For an emphasis on low-fat vegetarian cooking, take a look at the Moosewood Low-Fat Cookbook. Otherwise, this is an excellent cookbook for beginner or expert, and ranks with “Vegetarian Cooking for Everyone” as one of the best vegetarian cookbooks available.

  • Anonymous says:


    I use this cookbook on a weekly basis – all my other cookbooks languish in a drawer. The recipes are quick, easy and delicious. My favourite recipes are the “eggs” section. Sunday brunch has never been the same since I got this cookbook.

  • Sally J. Needle says:


    a cornerstone of
    any modern veg faux-chef
    my favorite tool

    it’s well edited
    no surprize ingredients
    buried in the text

    layout is A+
    Time and Servings on margins
    easy on the eyes

    pantry list, herbs, grains,
    legumes and bouillon options,
    where catsup comes from;

    point blank instructions,
    oneness with your kitchen blade,
    basic vege-stock,

    a plethora of
    pleasing pesto recipes:

    holiday menus,
    culinary strategies,
    how to cook pasta.

    doggearred favorites:
    greek diced vegetable salad
    muffin madness, dilly beans.

    written for today’s
    vegetarian with no
    time to hand grind wheat.

  • Anonymous says:


    I bought the “Sundays at Moosewood Restaurant” cookbook a number of years ago and was disappointed with it because the recipes were not consistently good and were often time-consuming or complicated. So I came to this cookbook with a good deal of skepticism. Thus far, however, I’ve been extremely pleased with it. The recipes are genuinely fast and easy, most of the ingredients are readily available, and the resulting food has been delicious. I’ve gotten quite a few good ideas from this cookbook and use it often at home. With this cookbook I can make tasty, healthy meals for my family on busy weeknights. Highly recommended!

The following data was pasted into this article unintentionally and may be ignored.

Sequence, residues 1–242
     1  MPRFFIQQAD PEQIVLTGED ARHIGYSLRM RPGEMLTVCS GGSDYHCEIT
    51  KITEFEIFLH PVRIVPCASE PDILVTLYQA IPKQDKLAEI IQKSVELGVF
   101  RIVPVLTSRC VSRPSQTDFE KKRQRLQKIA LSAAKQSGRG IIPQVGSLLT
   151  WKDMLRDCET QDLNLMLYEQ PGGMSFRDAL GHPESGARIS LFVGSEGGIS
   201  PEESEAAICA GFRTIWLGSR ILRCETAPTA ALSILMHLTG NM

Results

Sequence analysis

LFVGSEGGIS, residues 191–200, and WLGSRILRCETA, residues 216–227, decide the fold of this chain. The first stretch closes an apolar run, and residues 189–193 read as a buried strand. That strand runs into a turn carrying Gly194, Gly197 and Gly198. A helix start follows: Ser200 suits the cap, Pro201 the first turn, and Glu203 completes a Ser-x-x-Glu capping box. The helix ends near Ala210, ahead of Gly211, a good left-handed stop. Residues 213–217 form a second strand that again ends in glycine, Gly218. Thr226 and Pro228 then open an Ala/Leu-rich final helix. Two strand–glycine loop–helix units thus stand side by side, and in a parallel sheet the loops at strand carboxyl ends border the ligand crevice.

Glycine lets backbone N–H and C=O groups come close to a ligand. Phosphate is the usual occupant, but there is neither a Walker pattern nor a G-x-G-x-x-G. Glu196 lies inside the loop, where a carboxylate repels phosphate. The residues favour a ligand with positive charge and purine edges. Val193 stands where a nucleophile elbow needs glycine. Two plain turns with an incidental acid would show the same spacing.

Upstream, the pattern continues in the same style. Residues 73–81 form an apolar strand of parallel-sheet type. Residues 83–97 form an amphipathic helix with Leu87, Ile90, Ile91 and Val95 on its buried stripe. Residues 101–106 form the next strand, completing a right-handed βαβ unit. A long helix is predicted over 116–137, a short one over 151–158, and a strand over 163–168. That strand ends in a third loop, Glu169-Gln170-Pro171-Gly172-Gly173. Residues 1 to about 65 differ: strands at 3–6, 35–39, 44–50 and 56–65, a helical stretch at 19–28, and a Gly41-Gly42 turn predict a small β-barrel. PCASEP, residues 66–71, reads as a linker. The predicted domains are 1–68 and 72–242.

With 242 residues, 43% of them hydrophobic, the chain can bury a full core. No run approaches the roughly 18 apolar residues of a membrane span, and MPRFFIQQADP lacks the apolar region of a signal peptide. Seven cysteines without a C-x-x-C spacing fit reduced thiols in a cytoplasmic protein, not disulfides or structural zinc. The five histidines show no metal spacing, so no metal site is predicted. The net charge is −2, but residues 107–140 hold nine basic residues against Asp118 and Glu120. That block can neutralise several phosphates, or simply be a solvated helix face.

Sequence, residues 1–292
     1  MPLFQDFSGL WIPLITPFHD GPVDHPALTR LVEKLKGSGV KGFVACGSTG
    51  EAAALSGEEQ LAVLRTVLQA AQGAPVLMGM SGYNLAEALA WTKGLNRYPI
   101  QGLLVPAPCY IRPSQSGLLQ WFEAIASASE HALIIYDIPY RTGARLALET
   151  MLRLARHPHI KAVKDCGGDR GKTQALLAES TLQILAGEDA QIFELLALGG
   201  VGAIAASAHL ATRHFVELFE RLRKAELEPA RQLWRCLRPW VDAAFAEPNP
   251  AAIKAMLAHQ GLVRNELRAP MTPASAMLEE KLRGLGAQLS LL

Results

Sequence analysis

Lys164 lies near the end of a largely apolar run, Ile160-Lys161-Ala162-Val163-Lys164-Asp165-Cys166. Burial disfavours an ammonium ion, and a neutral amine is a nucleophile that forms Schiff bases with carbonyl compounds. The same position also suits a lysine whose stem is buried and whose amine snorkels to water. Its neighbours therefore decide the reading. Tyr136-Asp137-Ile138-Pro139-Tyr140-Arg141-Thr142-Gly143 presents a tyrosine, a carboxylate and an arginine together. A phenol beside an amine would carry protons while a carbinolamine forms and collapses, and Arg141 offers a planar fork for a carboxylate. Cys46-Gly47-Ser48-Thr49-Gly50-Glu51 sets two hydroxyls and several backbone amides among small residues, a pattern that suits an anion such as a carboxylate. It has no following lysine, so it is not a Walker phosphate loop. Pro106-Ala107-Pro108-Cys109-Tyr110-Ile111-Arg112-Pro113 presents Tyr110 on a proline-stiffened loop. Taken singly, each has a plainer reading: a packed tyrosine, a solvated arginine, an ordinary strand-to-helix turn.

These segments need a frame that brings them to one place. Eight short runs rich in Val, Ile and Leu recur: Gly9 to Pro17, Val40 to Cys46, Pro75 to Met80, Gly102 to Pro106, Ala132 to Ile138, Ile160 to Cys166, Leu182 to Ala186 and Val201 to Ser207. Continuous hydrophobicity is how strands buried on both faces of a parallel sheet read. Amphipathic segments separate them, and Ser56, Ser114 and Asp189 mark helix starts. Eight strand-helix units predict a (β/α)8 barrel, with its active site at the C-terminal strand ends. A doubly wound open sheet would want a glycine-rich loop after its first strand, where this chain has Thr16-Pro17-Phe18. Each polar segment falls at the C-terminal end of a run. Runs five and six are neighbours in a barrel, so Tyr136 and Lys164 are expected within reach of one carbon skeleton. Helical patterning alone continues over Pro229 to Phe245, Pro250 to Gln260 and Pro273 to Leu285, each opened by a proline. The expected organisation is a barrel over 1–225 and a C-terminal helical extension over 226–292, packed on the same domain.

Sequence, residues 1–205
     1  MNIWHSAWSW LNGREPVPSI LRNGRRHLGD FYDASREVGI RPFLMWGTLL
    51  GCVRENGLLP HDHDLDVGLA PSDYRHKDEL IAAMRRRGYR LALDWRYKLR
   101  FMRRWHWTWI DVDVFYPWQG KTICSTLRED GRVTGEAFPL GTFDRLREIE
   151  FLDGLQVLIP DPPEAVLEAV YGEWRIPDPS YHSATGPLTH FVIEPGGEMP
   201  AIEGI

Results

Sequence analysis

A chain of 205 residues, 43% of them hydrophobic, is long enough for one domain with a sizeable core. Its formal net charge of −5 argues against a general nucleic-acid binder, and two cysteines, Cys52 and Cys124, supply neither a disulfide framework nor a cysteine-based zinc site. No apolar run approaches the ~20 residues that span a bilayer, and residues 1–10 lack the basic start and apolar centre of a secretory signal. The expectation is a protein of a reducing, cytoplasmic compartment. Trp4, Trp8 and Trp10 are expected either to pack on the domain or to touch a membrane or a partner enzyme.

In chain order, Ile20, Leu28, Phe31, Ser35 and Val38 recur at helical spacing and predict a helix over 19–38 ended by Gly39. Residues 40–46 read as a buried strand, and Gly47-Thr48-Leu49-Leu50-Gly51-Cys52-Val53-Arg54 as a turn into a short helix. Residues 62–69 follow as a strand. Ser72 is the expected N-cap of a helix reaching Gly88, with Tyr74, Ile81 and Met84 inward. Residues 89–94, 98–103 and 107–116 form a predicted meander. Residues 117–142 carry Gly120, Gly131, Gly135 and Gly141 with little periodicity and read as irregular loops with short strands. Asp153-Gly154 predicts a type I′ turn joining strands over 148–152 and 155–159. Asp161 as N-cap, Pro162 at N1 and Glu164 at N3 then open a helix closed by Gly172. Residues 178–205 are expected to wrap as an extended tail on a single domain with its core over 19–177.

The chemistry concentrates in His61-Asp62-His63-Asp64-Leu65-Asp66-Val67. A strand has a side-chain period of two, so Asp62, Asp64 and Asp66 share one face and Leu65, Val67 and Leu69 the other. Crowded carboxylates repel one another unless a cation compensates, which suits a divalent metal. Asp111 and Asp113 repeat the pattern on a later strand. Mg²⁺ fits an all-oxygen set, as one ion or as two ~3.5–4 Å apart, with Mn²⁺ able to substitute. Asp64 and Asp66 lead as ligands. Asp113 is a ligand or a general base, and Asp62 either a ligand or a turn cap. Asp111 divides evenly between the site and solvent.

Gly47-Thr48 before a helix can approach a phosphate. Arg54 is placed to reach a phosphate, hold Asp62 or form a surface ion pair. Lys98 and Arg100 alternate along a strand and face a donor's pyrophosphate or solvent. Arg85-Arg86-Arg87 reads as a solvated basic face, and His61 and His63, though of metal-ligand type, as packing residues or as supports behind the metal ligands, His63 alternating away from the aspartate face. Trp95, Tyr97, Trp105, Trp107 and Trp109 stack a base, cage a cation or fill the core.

• Themis-Athena says:


    I’m a Cornell grad, and one thing I remember with particular pleasure about my time in Ithaca, NY are those occasional forays down the Hill for lunch or (more likely) dinner at Moosewood, for years one of *the* local standout restaurants. Although not a vegetarian, I try not to eat meat every day of the week; and for a tasty, healthy alternative, there just isn’t anything better than Moosewood’s recipes. No question that I had to get their cookbook – several of them, actually – before I finally left town.